Almost every political newsletter and many political news writers are now publishing their list of legislative races to watch. Perhaps they want to get a head start on the real campaign season that usually starts after Labor Day and ends in the Nov. 2 general election. After all, pundits have to opine about something; that’s what they do. They identify races where the incumbent or incumbent party may lose, but the list changes from time to time based on events.
For example, two weeks ago no one had House District 113 on the races to watch list. Long-time incumbent Joe Driver (R-Garland) was not considered to have a serious challenge by Democratic candidate Jamie Dorris. Then Driver was accused and admitted to billing both his campaign and the state for travel expenses over a several year period and suddenly HD 113 is on the races to watch list.
If you are interested in the races to watch this early in the election season, the Texas Tribune lists 21 races they consider real contests. It may be a sad commentary that out of 150 House races only 21 are worth watching, but then 91 of the candidates have no opposition at all. There are evidently no Senate races worth watching.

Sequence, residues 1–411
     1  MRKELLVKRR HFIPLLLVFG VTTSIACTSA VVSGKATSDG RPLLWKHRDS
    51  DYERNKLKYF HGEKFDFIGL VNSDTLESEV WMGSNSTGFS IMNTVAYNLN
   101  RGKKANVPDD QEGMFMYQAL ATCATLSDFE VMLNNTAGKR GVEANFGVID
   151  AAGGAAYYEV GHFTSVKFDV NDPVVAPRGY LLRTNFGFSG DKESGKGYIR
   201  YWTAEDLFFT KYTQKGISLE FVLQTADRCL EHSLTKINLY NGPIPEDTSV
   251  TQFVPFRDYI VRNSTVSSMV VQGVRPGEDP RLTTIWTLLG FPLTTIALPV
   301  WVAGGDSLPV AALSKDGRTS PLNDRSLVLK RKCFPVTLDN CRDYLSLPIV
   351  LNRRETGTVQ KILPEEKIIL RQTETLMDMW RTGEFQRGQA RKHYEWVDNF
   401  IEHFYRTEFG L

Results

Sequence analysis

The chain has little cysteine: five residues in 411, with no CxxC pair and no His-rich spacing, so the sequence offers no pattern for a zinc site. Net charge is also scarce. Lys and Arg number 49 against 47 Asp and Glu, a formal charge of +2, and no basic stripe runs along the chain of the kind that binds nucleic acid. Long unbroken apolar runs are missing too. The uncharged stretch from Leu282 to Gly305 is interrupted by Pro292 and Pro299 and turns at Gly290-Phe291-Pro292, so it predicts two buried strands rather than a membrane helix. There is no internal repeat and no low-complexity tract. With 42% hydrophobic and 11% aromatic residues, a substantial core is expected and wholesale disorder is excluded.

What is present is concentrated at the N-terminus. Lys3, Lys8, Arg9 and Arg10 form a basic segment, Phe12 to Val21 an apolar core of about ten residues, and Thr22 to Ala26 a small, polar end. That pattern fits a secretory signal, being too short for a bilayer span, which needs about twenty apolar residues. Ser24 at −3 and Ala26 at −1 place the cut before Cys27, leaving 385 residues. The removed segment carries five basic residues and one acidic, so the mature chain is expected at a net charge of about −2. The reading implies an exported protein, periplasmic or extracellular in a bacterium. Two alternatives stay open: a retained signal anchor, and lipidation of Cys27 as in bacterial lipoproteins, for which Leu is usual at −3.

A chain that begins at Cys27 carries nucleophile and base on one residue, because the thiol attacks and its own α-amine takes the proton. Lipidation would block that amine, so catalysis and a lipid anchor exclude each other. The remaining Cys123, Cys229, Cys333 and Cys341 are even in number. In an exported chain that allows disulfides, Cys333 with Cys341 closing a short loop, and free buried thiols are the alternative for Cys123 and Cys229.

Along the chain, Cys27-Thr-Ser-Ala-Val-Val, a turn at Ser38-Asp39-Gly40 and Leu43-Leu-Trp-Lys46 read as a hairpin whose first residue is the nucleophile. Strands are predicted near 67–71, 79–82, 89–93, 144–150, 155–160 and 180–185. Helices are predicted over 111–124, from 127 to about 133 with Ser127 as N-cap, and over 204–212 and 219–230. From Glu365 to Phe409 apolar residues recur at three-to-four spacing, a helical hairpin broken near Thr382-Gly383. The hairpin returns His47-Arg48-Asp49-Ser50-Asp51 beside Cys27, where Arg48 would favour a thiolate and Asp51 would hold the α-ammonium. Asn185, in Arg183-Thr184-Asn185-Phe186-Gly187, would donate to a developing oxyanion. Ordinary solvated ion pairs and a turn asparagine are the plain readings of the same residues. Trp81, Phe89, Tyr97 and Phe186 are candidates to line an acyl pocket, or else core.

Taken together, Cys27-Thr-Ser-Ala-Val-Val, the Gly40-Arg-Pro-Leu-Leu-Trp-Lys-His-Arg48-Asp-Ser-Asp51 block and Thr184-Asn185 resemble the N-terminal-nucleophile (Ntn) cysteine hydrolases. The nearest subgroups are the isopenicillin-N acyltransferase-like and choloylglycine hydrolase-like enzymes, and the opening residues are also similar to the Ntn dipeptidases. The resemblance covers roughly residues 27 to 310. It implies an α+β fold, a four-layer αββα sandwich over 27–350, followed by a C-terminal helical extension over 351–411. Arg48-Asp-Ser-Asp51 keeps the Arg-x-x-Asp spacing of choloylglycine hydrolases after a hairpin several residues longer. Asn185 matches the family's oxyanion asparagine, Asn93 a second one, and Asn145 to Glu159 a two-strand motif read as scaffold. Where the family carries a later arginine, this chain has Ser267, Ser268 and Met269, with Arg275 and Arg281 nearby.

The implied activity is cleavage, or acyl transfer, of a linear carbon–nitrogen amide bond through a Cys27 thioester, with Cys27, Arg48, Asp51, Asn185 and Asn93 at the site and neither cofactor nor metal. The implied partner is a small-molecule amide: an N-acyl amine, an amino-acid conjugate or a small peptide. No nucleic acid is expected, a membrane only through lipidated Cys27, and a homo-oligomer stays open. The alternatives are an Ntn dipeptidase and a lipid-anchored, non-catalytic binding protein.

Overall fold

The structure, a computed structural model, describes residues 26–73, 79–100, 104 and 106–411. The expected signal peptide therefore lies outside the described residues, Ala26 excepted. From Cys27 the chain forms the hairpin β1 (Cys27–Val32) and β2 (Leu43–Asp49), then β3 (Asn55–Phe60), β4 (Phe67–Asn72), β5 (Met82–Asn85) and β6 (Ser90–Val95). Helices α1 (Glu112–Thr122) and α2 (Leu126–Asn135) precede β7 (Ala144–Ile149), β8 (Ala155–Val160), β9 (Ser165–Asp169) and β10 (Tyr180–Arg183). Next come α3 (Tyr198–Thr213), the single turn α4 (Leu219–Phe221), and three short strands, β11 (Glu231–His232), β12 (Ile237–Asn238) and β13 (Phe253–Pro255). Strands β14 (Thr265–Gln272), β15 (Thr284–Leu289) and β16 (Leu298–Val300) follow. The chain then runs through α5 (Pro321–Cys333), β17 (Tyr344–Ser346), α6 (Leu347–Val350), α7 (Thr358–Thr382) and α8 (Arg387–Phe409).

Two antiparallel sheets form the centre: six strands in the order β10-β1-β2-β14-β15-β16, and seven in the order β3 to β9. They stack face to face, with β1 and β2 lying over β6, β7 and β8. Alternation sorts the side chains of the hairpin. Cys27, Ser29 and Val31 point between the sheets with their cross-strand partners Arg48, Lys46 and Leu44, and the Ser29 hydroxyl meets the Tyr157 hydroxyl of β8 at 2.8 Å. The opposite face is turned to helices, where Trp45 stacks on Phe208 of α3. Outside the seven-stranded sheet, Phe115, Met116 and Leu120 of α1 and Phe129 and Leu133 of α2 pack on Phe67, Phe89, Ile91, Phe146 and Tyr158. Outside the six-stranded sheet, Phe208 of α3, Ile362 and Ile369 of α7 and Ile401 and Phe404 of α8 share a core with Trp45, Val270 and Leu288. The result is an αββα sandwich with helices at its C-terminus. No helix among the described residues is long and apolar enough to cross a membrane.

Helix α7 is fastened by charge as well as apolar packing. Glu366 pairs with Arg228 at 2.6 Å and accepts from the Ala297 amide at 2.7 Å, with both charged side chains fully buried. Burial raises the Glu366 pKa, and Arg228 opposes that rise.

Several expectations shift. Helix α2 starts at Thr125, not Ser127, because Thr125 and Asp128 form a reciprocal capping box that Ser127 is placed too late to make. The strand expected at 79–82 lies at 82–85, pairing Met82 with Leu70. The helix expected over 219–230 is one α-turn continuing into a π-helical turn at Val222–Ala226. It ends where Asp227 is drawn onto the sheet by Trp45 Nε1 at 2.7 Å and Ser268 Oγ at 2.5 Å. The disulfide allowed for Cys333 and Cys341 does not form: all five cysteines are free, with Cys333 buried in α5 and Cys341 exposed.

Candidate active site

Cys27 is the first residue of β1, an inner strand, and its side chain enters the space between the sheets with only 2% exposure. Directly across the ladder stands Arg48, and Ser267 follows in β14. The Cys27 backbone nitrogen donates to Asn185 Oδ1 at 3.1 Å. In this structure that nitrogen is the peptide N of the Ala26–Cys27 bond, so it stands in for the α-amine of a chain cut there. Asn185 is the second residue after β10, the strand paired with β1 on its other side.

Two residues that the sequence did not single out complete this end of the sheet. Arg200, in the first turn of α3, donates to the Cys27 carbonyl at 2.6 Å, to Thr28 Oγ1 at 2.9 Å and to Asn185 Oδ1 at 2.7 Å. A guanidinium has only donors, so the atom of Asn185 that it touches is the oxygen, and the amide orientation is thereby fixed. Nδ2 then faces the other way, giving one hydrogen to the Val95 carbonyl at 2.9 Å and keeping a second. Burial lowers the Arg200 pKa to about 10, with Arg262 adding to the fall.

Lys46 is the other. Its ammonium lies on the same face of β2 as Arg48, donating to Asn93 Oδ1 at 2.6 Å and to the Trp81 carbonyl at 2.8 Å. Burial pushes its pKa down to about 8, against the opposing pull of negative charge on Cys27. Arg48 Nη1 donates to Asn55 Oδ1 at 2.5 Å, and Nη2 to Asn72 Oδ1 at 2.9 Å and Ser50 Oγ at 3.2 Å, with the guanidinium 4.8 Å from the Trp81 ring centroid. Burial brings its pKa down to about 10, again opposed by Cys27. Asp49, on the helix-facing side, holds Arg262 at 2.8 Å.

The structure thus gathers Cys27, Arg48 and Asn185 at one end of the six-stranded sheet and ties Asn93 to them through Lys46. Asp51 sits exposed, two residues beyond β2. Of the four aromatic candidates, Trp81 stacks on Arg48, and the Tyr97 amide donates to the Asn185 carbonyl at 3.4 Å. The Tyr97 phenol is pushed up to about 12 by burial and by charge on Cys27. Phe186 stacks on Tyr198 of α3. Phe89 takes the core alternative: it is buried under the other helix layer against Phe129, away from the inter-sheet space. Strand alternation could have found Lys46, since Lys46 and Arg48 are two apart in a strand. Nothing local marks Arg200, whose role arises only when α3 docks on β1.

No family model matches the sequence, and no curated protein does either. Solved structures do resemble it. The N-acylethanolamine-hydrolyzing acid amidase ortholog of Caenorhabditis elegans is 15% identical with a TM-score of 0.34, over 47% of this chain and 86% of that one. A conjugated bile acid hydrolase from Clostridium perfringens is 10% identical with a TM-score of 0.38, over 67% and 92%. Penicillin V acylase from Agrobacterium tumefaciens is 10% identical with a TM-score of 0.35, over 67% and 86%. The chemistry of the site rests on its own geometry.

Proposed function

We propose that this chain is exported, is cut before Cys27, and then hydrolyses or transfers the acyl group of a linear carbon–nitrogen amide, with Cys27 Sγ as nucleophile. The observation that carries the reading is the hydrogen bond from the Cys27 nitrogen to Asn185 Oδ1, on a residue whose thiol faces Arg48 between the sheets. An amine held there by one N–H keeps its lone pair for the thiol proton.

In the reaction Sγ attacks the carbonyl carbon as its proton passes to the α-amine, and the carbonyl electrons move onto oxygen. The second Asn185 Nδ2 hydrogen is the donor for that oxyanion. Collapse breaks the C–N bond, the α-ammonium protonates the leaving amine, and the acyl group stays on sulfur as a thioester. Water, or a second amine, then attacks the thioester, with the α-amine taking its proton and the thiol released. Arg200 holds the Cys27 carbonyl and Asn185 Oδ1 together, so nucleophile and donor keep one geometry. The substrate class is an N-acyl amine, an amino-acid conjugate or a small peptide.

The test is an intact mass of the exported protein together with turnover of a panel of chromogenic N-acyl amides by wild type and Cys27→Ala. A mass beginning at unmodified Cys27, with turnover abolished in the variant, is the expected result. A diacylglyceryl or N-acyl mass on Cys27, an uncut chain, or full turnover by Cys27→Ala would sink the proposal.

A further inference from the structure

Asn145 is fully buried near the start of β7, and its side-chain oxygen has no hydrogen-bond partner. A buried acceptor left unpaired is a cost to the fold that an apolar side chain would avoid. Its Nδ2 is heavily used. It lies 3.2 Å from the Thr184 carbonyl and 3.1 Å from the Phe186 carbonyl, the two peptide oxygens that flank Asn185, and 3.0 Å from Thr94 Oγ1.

Few elections are interesting because most districts are drawn so that the opposing party has no chance of winning in the first place. Since it has been almost 10 years since the districts were drawn, there have been a few demographic changes in this the fastest growing state in the union, but even with those changes my guess is only about half of the Tribune list will really be worth watching.
If the 21 races were all to be won by the challenger, the Republicans would pick up seven seats in the Texas House, a substantial increase to their current six seat majority. That won’t happen. And between now and Election Day, the “races to watch” will likely change – campaigns have a way of doing that; ask Joe Driver.